Talk:Time travel

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replacement for wretched wording and markup[edit]

   A colleague (who didn't take the trouble to encourage constructive discussion by even saving -- for those who care who the colleague is or when they held forth -- the trouble of searching the edit history) did add to Time travel#Tourism in time the following comment markup (to which i've added meta-markup, on this talk page, trying to make the markup display in a more intuitively clear way here):

"This picture would explain why we haven't been over run [sic]
<!-- several people have tried to edit this, but note that it says "over run" rather than "overrun" in the original essay on Hawking's website, and direct quotes should match the original source so please don't change it -->
by tourists from the future."

   The colleague's concern for non-misrepresentation is praiseworthy, even tho the wording "have tried to edit" reeks too much of the Inquisition or the Klan, and the typographic travesty that is their solution may not even be appropriate for some critical edition of Hawking's works. Here -- leaving behind the pedants' concern about who (Hawking, an editor, a typesetter?) is responsible for the inappropriate internal space -- is an encyclopedia-appropriate version of the passage:

"This picture would explain why we haven't been [overrun] by tourists from the future."

It's literate, harmless, almost devoid of distraction, and not significantly better nor worse than

Stephen Hawking says that this picture would explain why our times haven't been overrun by "tourists from the future."{{cn|date=January 2015}}

--Jerzyt 04:21 & 07:05, 3 February 2015 (UTC)

Removed bibliography section[edit]

I've removed the bibliography section since the article uses inline citations now, and has been that way for a long time. Below are all the sources from that section. Bright☀ 22:09, 25 April 2017 (UTC)

Sleep, but not cryonics, in history section[edit]

Modern medical advances in cryonics have little to nothing to do with the history of the concept of time travel. Bright☀ 17:04, 8 June 2017 (UTC)

Based on your edit comments, I assumed you were removing my edit because it referenced forward time travel at ordinary rates via unconsciousness rather than via some extraordinary means (such as wormholes), which seemed like a legitimate point of contention, which is why I removed the other reference to unconscious time travel. Are you saying that only historical references to time travel should be in that section or are you saying that only fictional references should be there? If the former, how old does something have to be for it to be considered history? There is a reference later in the section dated 1951. The content I added was dated 1962 and 1967. Should the section be renamed? Sparkie82 (tc) 02:31, 10 June 2017 (UTC)
The references explain why the historical references are significant (they're early, they have many parallels in myths, they are regarded in fiction as time travel). Modern advances like suspended animation and cryonics are a little more removed from time travel proper, and while they serve the same purpose in modern fiction as prolonged sleep did in ancient myths, most of the references treat them like a medical procedure, not necessarily a means of time travel. There was a medical section in the article but it was left unreferenced for so long that I removed it. Bright☀ 12:55, 10 June 2017 (UTC)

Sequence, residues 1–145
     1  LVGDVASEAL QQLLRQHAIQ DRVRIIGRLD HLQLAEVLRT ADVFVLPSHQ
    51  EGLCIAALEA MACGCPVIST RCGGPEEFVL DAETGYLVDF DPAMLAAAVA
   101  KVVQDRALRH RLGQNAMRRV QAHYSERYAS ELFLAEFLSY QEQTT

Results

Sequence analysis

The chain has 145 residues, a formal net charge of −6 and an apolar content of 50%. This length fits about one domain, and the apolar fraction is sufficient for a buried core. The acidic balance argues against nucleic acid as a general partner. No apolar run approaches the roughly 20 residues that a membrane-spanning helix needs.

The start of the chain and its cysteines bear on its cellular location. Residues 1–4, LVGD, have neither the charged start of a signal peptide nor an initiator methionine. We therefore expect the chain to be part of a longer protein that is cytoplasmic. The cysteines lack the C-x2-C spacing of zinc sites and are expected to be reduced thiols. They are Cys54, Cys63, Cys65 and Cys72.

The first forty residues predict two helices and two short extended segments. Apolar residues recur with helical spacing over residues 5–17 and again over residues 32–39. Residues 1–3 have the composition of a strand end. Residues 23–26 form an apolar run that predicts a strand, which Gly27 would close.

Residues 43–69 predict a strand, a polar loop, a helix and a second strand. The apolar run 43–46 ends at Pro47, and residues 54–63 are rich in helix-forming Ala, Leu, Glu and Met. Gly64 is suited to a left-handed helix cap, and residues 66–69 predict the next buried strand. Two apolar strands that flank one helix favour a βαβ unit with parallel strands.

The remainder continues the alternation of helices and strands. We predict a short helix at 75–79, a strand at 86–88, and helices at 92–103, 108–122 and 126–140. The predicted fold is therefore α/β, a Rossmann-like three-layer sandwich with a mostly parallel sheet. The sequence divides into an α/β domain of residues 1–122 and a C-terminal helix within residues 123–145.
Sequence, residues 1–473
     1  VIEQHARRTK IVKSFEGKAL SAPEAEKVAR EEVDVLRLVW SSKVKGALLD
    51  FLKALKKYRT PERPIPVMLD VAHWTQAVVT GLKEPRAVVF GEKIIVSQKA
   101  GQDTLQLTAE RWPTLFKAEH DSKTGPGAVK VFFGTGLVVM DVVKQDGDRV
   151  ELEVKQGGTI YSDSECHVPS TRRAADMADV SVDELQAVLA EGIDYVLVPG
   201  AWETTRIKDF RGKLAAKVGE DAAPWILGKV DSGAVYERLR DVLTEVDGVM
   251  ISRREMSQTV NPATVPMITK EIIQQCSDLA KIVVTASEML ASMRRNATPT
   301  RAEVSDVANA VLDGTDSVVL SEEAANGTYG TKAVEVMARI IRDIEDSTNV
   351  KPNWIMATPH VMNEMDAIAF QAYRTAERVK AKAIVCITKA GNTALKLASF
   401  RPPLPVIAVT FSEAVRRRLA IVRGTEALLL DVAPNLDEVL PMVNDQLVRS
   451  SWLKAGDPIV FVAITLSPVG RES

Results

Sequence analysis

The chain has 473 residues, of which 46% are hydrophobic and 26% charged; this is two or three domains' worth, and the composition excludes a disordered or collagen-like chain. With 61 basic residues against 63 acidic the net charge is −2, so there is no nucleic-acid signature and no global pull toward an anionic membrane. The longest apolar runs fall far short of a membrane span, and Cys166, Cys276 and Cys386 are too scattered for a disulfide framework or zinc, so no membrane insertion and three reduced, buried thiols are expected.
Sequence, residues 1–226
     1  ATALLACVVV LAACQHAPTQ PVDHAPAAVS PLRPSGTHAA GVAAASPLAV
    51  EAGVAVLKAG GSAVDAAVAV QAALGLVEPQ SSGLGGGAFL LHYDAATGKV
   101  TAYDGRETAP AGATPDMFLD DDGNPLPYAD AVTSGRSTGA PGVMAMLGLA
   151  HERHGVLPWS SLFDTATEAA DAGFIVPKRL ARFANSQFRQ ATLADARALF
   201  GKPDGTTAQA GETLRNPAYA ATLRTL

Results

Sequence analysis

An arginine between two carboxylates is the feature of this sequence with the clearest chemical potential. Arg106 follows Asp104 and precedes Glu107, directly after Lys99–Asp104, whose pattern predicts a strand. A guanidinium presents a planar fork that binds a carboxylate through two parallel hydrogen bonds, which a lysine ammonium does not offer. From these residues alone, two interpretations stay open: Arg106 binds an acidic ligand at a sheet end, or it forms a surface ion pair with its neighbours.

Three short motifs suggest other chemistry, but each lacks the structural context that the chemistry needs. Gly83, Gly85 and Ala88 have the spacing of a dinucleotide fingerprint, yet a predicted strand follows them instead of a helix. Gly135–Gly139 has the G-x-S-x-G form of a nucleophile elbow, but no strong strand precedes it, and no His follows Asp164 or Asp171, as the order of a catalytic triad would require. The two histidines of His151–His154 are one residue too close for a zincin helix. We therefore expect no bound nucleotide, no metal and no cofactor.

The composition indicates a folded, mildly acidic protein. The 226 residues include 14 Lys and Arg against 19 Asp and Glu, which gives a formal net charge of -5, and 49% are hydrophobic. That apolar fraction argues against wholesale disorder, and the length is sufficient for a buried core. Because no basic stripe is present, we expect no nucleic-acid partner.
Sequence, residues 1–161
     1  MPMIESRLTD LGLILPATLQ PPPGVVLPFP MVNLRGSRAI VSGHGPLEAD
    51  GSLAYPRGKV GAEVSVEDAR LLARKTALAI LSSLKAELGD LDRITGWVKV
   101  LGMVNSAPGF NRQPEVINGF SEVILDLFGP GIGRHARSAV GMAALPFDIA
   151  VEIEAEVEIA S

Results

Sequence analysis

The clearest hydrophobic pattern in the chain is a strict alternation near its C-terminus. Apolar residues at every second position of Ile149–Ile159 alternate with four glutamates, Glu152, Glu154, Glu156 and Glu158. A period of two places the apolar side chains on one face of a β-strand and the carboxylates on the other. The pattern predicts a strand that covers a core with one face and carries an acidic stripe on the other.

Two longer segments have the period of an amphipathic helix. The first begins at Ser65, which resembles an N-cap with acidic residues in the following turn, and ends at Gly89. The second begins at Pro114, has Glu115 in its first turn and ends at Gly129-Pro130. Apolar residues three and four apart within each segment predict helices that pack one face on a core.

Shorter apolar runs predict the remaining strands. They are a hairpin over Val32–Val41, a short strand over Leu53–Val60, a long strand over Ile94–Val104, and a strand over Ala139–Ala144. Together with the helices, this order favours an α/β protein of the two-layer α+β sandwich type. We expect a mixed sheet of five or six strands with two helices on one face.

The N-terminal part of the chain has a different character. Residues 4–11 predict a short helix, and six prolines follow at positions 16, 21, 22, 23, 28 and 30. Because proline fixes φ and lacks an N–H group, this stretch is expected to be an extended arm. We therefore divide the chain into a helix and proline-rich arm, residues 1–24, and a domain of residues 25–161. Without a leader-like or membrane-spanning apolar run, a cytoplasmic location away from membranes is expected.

External links modified[edit]

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Bond paradox[edit]

Some persistent IP address editor is trying to re-title the grandfather paradox as the "Bond paradox". This name is taken from a piece of fanfiction on the internet. It is not suitable for inclusion in Wikipedia since a self-published piece of fan fiction is not a reliable source, and even if it were, mentioning information that exists only in a single piece of fan fiction is undue weight. Editor, if you're reading this, please stop trying to insert what is presumably your fan fiction into Wikipedia. Bright☀ 10:46, 15 February 2018 (UTC)

We are all time travellers really![edit]

Hi, I think we are all time travellers. We are all from the 'past' right? as soon as you think, the time has passed. We are also moving forward in time, no one stop! The only thing is, some people may travel a little faster than others such as the people work on the airplane or outer space.

I have now a question if anyone can answer me. Please email me on sendittomequick@hotmail.com: I am not a physicist, if I swing my arm with speed which is attached to my body, should my arm be present in a different time as my body does? — Preceding unsigned comment added by Sendittomequick (talkcontribs) 21:17, 24 August 2018 (UTC)

I can't talk to your time travel question, but you should be able to just get messages through Wikipedia. It's usually a bad idea to put your email on Wikipedia, but it is not (to the best of my knowledge) against the rules. Nonetheless, I would suggest removing it from your comment.
Second, this space is really to talk about the article Time Travel, not to ask subject matter questions. You would probably be better off finding another forum to ask your question if you really need a response.
Finally, my apologies for deleting this comment originally - I made an error and thought it was the main article (where it would be inappropriate).
--KNHaw (talk) 21:25, 24 August 2018 (UTC)
This is discussed in the article, in the lead, "Forward time travel, outside the usual sense of the perception of time, is an extensively-observed phenomenon and well-understood within the framework of special relativity and general relativity", and more in-depth in the appropriate sections. Bright☀ 10:24, 25 August 2018 (UTC)